Last Updated 04 Jan 2023

The Image Of God And Humanity: Theology

Category Humanity, Theology
Words 1817 (7 pages)
Views 9

The last two papers discussed the image of God in the Old and New Testaments. Genesis 1-3 outlines the creation of the world and humanity, the creation of man woman; and how creation harmony was shattered by the fall. Creation reaches its climatic order with the announcement and creation of humanity. Humanity is created in the “Image and “Likeness” of Yahweh. Humanity, as Imago Dei was created and given dominion of all the earth, to reproduce and oversee the earth through a stewardship mandate. Jesus Christ—Yahweh incarnate—is the perfect Image of God to humanity (Col 1:15). Through the death and resurrection of Christ, those who believe in Him, have transformation power through the Holy Spirit to die to sin and live in Christ. Living in Christ means to function in harmony and morality through His Spirit. What does living in Christ look like for humanity today? This paper will examine different theological perspectives on humanity in terms of unity and race.

Theology simply means thinking about God and expressing those thoughts in some way. In this light, even atheists have a theology. An atheist thinks about God, rejects His existence, and expresses that sometimes in belief and in lifestyle. A follower of a non-Christian religion has their way of seeing the God and humanity. In some cases, the person in the non-Christian religion has substituted their phony deity for the true God and shows off that theology in various ways. The word “theology,” from theos meaning God and logos meaning rational expression, means the rational interpretation of religious faith. Christian theology thus means the rational interpretation of the Christian faith.

Order custom essay The Image Of God And Humanity: Theology with free plagiarism report

GET ORIGINAL PAPER

It is import to understand that humanity’s purpose or destiny as Imago Dei; is to know, love, and walk with God. God made humanity in His image and enabled us to share His divine attributes. But to know him and respond to him is the fundamental distinguishing characteristic shared by all humanity. All other characteristics of the human race are incidental to one’s humanity. Sin has distorted everything within the creative order of God. Sin distorts humanity and the call to know God in a way that works against humanity as whole. Sin take the legitimate need of unity in God and blows it out of proportion. People that differ in some way are fully human and made in His image, but in theory, society tends to treat people who are different less than others. To understand humanity and race, Millard Erickson, James Evans Jr., Antony Walton, and M. Shawn Copeland are some that offer theological insight on humanity, race, and Christianity.

Millard Erickson holds that the source, purpose, and destiny of all humanity, the characteristics of race, gender, economic status, age, the unborn fetus, and marital status become incidental to one’s created status in Christ. God has regard for all persons. Since God takes that view, it is mandatory for the believer to adopt a comparable view and to practice godly reverence for all humanity. This is especially true for those who may be subject to discrimination. This is a hard but necessary pill the church must swallow. Unity must come from the people of God. “There is neither Jew nor Gentile, neither slave nor free, nor is there male and female, for you are all one in Christ Jesus (Galatians 3:18; Col 3:11).”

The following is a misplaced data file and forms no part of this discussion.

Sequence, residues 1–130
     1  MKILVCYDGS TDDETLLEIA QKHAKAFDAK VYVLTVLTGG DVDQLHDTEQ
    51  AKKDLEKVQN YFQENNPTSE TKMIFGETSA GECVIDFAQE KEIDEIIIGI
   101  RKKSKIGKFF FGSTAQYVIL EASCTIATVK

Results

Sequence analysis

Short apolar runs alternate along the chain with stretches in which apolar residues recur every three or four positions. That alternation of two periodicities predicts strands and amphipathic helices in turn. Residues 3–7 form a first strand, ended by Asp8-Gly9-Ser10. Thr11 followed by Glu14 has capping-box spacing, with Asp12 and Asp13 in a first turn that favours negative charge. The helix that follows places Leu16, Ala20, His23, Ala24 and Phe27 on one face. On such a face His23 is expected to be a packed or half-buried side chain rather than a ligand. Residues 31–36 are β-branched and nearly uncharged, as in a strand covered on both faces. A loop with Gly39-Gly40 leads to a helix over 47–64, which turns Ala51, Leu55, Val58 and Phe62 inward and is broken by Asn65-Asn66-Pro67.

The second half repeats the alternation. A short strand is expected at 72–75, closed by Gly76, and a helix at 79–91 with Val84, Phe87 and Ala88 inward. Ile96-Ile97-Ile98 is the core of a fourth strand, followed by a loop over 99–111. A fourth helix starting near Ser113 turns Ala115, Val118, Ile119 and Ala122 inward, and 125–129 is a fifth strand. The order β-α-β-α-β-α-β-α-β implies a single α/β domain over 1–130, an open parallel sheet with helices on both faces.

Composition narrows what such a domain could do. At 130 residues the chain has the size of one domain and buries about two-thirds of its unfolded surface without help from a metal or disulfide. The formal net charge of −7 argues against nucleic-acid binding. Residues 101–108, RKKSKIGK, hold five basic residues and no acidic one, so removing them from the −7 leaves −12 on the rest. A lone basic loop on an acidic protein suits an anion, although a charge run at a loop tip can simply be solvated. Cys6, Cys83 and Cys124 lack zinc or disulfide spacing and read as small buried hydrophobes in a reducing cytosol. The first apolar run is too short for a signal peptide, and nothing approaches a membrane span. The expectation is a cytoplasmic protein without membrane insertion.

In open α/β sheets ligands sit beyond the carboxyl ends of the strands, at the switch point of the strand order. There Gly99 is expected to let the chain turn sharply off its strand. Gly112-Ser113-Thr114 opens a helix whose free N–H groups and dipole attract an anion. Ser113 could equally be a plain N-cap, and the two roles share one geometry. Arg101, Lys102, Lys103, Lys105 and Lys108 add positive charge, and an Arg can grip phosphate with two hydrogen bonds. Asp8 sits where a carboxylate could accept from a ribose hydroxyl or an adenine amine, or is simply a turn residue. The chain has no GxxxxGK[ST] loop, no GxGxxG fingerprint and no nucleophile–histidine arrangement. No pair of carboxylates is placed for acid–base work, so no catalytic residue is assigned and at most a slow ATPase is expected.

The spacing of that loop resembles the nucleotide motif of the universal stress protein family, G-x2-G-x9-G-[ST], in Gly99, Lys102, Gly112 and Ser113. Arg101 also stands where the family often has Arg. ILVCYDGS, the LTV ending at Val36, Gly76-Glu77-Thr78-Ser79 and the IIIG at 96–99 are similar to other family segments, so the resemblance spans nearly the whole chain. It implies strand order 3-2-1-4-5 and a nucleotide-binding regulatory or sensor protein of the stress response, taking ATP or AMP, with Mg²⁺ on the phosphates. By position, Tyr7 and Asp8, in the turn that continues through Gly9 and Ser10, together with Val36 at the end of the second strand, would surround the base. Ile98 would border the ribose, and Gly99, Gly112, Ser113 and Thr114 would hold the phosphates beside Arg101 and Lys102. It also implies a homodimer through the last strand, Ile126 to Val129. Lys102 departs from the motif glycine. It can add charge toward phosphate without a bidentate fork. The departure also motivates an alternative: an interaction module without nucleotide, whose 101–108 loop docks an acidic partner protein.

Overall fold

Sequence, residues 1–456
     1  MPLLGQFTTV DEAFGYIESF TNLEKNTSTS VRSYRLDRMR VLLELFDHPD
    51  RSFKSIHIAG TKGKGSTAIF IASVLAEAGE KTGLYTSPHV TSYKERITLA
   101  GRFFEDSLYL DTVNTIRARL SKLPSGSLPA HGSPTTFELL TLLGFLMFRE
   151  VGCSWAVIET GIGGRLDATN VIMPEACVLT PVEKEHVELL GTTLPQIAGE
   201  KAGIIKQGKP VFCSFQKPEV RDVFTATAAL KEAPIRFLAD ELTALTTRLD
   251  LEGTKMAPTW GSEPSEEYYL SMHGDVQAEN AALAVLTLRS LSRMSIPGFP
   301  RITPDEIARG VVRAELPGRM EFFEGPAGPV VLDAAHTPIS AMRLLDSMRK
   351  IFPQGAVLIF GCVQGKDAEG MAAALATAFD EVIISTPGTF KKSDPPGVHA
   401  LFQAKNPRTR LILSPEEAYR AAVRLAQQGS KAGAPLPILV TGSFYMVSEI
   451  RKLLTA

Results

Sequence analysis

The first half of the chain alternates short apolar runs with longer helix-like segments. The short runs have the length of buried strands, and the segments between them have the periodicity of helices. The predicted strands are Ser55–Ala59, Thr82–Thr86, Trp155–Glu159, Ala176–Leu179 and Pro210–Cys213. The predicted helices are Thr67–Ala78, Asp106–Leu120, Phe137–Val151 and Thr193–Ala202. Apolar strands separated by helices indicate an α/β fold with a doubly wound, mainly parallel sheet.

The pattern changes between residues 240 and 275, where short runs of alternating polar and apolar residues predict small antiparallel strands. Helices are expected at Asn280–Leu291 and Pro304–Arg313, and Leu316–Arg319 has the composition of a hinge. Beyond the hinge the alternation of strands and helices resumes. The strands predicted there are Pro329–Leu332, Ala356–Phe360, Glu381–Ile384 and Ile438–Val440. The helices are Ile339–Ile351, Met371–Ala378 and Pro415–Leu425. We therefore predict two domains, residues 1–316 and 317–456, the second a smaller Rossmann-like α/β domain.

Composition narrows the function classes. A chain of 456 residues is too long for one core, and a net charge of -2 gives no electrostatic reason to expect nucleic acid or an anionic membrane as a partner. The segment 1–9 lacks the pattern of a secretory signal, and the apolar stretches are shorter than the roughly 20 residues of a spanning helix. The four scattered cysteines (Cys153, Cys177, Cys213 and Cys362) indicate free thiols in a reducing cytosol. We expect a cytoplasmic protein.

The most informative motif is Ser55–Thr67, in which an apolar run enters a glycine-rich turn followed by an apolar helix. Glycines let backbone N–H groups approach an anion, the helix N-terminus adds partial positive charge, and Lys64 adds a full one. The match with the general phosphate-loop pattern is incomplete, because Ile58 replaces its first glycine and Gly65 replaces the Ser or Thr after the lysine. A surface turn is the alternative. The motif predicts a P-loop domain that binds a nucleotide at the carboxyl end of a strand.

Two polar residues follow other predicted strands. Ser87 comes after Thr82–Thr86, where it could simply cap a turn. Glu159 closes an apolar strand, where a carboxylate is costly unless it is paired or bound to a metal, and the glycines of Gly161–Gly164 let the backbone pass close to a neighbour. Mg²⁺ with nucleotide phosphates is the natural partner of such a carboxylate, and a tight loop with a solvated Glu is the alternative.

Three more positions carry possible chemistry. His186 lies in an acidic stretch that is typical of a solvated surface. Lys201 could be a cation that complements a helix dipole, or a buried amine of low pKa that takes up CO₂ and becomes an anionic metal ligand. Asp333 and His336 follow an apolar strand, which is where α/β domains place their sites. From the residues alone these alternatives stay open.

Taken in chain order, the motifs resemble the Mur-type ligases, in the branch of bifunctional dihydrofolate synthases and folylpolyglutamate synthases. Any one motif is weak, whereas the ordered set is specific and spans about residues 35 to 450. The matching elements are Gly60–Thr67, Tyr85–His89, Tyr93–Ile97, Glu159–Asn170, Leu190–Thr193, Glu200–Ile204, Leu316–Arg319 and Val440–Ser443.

James Evans Jr. holds that genuine church leadership (in the black church) requires sound theological judgment. Therefore, Black Theology differs from traditional theology in much the same way that African American Christianity differs from the Christianity of Europe and the North Atlantic. As a result, the first Africans set foot on American soil, people of African descent have had unique experience with faith and the New World. Africans held on to their inherent philosophical heritage, a distinguishing religious awareness; encountered the most ruthless form of slavery in human history; and was introduced to Christianity by those that enslaved them. Therefore, African American theological development is best understood as the convergence of an African-derived worldview, the complexities of the slavery experience, oppression, survival, rebellion, and adjustment in the New World, and their encounter with the biblical text. Environment and culture has much in which a person perceives the Gospel message and humanity. Resulting with imposing personal biases on the scripture. During slavery, civil war, and post reconstruction, there were very few Negro Americans that had the ability to read. So much of what was understood about the Gospel was by oral tradition and folklore.

Anthony Walton holds that the American society views humanity and race needs to change. Predominately, we think in terms of racial clichés and untruths, and therefore think in clichés and untruths. He holds that that our country is not becoming post-racial; it is becoming more racial, multiracial, for-the first-time-everybody-is-speaking-up racial. There for the discussion of race is not ending but a new phase is beginning, a phase when race and its place in American life can and will actually be discussed. Walton solution is very radical and interesting in His theology of the Church. He believes Christians must take the same energy used to divide humanity and show Christ’s love to those that are often hated against. Over the last 50 years taking sides and pointing fingers does not work. If social injustice is viewed from the vantage point of a natural disaster, he believes will help to reconcile humanity. When a natural disaster occurs, we recognize the collateral damage and begin working a plan to fix and alleviate the situation. There is no judging, instead we focus on the situation, identify those in need and act. In this manner the church is needed. Instead of causing the hurt, the church needs to mend it by providing a voice of love, assistance, and education.